An article published on 18 June 2015 in the scientific weekly Nature has given the world a new appreciation of the origins of the human remains known as ‘Kennewick Man’. The remains were discovered in the State of Washington in 1996 and preliminary studies showed that Kennewick Man was roughly 9,000 years old and had no noticeable morphological connection to any existing Native American group in the United States. In fact, it was said that the remains were most likely affiliated with the Ainu people from the islands of Japan and Russia, or else with Polynesian peoples.
Anyone who has read my article in the recent publication on human remains, Heritage, Ancestry and Law: Principles, Policies and Practices in dealing with Historical Human Remains (ed. Ruth Redmond-Cooper), Institute of Art & Law, 2015, will know of the lengthy judicial dispute that arose following this discovery. Under the Native American Graves Protection and Repatriation Act of 1990 (NAGPRA), human remains (and related objects) associated with a Native American group must be returned to that group so that the remains can be given a proper burial. But the question here was whether Kennewick Man qualified as ‘Native American’.
A group of scientists eager to study the remains had applied to the courts to stop the government’s initial plan to return the remains to local Native American groups (there were five local Native groups involved). The case went twice before Judge Jelderks of the District Court of Oregon and eventually ended up before the Ninth Circuit Court of Appeals.
What came out of the court decisions was grossly unfavourable to the Native communities. Judge Jeldercks had set aside the government’s decision to return the remains to the Native groups. He did this on the basis that Kennewick Man had not been shown to be ‘Native American’ for the purposes of NAGPRA: the remains did not relate to a tribe, people or culture that was currently Indigenous to the United States. For NAGPRA to be triggered, there must be a link between the remains and a contemporary Native group. This was not the case, according to the judge. Additionally, the requirement that there be a ‘cultural affiliation’ between the remains and a particular Native group could not be shown for the same reason. The governmental decision was thus overturned and Judge Jeldercks ordered that the scientists could have access to the remains for the purposes of further scientific analysis. The decision was upheld on appeal.
As a result, the remains of Kennewick Man were transferred to the Burke Museum at the University of Washington and scientific analysis did proceed. There was, however, a settlement reached with the Native groups which allowed them access to the remains for (a mere) three days in June 2006, in order for a ceremony to take place in line with Native traditions.
But the recent publication of the Nature article has shown that, following DNA testing of the remains, what had been initially surmised by the scientific community was wrong. According to researchers at Stanford and the University of Copenhagen who had successfully sequenced the genome, Kennewick Man is more closely related to North American groups than to any other population worldwide. And, in particular, based on genetic data available, the individual seems to share ancestry with the current Colville Native group, one of the five groups that had originally claimed the remains in 1996.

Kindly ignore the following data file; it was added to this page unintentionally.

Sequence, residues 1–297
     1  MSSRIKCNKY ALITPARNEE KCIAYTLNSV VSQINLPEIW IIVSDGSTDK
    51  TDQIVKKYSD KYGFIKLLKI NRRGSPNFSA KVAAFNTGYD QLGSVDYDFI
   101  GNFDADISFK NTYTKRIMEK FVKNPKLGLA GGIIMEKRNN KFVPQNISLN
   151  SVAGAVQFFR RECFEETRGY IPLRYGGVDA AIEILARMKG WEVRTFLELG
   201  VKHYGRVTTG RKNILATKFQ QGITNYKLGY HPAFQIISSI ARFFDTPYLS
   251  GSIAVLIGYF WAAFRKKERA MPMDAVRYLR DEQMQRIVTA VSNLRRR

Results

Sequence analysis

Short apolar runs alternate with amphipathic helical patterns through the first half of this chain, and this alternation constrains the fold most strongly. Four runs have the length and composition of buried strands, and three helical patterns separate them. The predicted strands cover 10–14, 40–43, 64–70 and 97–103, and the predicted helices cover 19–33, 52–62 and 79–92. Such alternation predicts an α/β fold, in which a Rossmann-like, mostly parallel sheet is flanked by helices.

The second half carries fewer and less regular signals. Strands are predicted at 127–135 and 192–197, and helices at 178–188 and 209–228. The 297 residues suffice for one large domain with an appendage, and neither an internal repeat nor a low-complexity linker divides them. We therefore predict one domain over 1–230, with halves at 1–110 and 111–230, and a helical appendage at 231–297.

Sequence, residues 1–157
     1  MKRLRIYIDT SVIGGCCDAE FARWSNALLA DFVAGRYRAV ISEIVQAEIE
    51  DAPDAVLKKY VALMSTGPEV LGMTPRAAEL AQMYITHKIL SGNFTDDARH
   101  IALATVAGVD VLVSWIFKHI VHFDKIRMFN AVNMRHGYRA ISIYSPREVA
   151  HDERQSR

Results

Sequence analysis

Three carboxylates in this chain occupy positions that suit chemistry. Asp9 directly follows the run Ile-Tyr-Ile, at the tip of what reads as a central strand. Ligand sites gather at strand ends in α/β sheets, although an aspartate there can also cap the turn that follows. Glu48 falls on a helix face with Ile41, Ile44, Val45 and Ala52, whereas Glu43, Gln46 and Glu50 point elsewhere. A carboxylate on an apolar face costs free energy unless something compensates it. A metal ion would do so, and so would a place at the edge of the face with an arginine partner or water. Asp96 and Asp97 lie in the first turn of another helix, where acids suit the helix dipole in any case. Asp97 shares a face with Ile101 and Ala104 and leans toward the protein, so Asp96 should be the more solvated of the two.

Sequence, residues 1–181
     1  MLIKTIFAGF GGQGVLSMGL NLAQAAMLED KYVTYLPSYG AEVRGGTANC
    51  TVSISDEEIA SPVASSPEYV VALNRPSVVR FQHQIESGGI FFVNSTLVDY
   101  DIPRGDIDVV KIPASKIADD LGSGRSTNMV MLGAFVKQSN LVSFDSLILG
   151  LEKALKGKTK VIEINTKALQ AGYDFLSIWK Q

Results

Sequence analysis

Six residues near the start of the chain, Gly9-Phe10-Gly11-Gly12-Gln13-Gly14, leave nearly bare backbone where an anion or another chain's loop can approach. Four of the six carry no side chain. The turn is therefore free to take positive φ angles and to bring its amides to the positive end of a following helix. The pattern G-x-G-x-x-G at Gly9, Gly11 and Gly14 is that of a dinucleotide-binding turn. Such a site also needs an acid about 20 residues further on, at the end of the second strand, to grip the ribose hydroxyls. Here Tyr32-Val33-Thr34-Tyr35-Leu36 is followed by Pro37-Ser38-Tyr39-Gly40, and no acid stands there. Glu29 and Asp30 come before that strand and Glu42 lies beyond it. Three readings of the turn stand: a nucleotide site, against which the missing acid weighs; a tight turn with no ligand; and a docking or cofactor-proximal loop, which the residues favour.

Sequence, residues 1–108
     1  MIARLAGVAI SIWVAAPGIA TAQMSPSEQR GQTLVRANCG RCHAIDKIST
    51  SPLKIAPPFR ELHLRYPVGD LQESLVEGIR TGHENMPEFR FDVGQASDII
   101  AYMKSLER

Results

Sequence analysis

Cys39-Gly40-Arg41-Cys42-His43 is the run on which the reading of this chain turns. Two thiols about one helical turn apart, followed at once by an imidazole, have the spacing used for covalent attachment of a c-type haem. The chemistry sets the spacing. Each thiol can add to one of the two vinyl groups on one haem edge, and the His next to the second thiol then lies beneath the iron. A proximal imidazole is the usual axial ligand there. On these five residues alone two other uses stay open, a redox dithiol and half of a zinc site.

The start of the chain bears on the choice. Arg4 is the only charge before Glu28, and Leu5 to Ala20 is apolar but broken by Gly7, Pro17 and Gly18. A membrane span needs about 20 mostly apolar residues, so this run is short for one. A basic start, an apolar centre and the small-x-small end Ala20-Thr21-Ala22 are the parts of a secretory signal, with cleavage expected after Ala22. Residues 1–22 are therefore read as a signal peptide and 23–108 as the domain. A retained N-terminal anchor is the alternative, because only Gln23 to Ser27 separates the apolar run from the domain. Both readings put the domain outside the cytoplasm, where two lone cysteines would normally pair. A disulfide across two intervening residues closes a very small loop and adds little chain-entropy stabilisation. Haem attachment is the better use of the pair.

And so what does this tell us? First of all that the initial morphological studies of the skull were wrong – or at least have been disproven by a more comprehensive genetic analysis. Kennewick Man does not share genetic attributes with the Ainu or the Polynesian groups, but rather belongs to a group that was and remains Indigenous to the North American continent.
But also, perhaps more importantly from a legal perspective, this finding calls into question the initial decisions of Judge Jeldercks of the District Court. As reported in my article, the judge had placed an almost blind faith in the modern scientific approach to determining the origins of the remains, and this at the expense of the oral traditions proposed by the Native groups. As such, the ‘scientific’ understanding at the time of the decisions pointed one way. What we have learned more recently is that scientific determinations do change (isn’t that what the scientific method is all about?) and now the science behind the studies clearly points in another direction.
The hopes and traditions of Native communities need to be respected. That much is clear. Kennewick Man must now be returned to the Native group that can show the necessary ‘cultural affiliation’ (which currently looks to be the Colville group). But equally important is the lesson for the judiciary – and the legal profession at large: do not adhere blindly to the determinations of modern science, even when this comes from experts, serving as witnesses or advisors. These determinations are always subject to change, and so should not form the sole basis of a judicial outcome. The consequences can be serious… Here Native groups were precluded for nearly twenty years from treating the remains of their ancestor in a manner befitting their traditions. Surely a more appropriate balance between the interests of the parties should have been reached. And much earlier at that.
Thank you to Lyndon Ormond-Parker of Melbourne University (one of the contributors to Heritage, Ancestry and Law mentioned above) for putting us onto this recent study, and to Anthony Misquitta of Farrer & Co for informing us of the outcome.